One of the saddest aspects of President Donald Trump’s first year in office is the lack of interest by the Republican Congress in performing even the most rudimentary oversight of his presidency, Shapiro writes. (Win McNamee/Getty Images file photo)

Shortly after George Stephanopoulos published his critical 1999 memoir about the Clinton White House, “All Too Human,” I witnessed a fascinating impromptu debate about the propriety of a former aide dishing on an incumbent president.

The friendly antagonists were two towering figures from the Kennedy White House: Pulitzer Prize-winning historian Arthur Schlesinger and attorney Ted Sorensen, the greatest (“Ask not what your country can do for you ...”) presidential speechwriter in history.

Prosecutors Seek 30-Year Sentence for Doctor Tied to Menendez Case
Menendez awaiting word from DOJ on possible retrial for his own case

A friend of Sen. Bob Menendez, D-N.J., could face up to 30 years behind bars. (Tom Williams/CQ Roll Call)

The Florida eye doctor tied to embattled Sen. Robert Menendez’s hung corruption trial could face up to 30 years in prison.

Salomon Melgen, a longtime friend of the New Jersey Democrat, was convicted last April of 67 crimes including health care fraud, submitting false claims and falsifying records while he snatched more than $100 million from the Medicare system as part of a massive fraud scheme.

Trump: Democrats Sabotaged Voting Fraud Panel
Critics have forcefully disputed Trump’s assertions, however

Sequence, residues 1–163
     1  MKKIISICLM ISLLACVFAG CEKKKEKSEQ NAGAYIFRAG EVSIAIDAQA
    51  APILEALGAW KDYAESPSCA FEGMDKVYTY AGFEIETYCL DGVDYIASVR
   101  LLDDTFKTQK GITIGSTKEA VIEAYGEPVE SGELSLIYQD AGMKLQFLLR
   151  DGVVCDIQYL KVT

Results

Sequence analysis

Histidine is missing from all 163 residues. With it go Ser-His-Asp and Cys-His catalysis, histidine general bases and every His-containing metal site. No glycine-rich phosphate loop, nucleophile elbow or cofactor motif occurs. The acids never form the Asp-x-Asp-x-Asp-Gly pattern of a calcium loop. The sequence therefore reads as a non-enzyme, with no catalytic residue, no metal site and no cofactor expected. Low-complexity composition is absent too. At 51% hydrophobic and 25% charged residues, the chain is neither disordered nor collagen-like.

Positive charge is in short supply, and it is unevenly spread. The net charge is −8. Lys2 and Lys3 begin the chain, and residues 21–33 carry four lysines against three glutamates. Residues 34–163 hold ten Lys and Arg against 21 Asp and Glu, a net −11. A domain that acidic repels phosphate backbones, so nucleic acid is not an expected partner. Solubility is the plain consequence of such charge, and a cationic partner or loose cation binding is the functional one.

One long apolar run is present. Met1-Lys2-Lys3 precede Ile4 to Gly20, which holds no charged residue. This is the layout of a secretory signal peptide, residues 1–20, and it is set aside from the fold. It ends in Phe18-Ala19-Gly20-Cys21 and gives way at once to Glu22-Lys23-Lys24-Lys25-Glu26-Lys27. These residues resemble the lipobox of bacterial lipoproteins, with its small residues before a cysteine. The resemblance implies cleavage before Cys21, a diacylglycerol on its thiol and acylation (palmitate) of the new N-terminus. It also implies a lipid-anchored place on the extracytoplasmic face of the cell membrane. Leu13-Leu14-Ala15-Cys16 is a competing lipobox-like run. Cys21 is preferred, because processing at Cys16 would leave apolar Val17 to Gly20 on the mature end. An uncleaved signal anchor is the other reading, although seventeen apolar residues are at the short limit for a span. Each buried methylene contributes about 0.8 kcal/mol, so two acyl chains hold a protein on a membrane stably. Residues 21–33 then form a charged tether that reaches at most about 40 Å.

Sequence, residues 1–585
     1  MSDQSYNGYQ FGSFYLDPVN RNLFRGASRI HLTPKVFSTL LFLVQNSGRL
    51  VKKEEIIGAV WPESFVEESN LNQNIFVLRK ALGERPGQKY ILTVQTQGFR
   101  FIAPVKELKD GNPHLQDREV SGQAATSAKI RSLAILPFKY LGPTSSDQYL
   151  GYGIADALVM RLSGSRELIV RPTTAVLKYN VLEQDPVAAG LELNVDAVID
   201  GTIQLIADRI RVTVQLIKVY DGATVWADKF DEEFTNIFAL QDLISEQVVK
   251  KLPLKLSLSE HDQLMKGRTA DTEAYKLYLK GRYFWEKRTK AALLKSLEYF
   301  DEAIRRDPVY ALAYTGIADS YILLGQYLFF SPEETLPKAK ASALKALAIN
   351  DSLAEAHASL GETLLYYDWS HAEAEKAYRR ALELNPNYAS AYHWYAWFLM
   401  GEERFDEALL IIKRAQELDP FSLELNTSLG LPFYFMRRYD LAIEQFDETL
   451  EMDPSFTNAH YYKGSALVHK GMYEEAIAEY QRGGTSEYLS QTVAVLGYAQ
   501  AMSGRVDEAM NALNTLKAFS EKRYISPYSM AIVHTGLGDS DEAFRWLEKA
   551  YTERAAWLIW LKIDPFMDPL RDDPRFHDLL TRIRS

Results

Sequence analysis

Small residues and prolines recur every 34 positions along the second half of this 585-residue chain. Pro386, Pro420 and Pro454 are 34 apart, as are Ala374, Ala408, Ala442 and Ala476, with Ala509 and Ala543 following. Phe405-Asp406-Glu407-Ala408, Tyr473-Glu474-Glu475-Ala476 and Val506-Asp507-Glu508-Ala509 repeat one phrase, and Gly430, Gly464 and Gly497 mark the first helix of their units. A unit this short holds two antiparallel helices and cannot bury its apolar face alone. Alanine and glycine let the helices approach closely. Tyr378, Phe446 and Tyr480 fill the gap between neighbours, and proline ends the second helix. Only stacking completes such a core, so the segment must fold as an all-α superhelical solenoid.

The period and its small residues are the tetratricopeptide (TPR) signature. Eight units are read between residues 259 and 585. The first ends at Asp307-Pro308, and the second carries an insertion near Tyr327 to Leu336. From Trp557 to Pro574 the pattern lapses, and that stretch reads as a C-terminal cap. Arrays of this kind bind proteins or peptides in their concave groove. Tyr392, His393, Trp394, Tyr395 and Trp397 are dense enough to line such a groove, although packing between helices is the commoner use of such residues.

President Donald Trump delivers his address to a joint session of Congress last year. He started 2018 with an extended Twitter rant. (Bill Clark/CQ Roll Call file photo)

President Donald Trump is blaming his failed election fraud commission on Democratic-controlled state governments, and pushing an identification-based voting system from coast to coast.

After another wild day of Trump’s presidency, the White House on Wednesday night announced he had signed an executive order terminating the election fraud commission he established last year. In a statement, Press Secretary Sarah Huckabee Sanders blamed states for refusing to hand over data requested by the special panel.

Trump Terminates Election Fraud Commission
President cites states’ refusal to turn over data

The White House  blames states for refusing to turn over data to President Donald Trump’s election fraud commission. (Photo by Chip Somodevilla/Getty Images)

President Donald Trump has signed an executive order terminating his election fraud commission. In a statement, White House spokeswoman Sarah Huckabee Sanders  blamed states’ refusal to turn over data to the special panel.

[Trump’s Voter Fraud Panel Remains Lightning Rod]

Trump Tower Meeting With Russian Was ‘Treasonous,’ Bannon Says
Former top Trump aide: Mueller probe focused on money laundering

Then-Republican Senate candidate Roy Moore is welcomed to the stage by Steve Bannon in an election eve rally in Fairhope, Alabama. (Joe Raedle/Getty Images file photo)

Former White House chief strategist Steve Bannon is calling a 2016 meeting between senior Trump campaign aides and a Russian lawyer they believed had dirt on Hillary Clinton “treasonous.”

In an interview for a coming book by Michael Wolff, Bannon slammed Donald Trump Jr., Jared Kushner (President Donald Trump’s son-in-law and a close campaign and White House adviser) and Paul Manafort (his campaign chairman at the time of the meeting who has been indicted by special counsel Robert Mueller).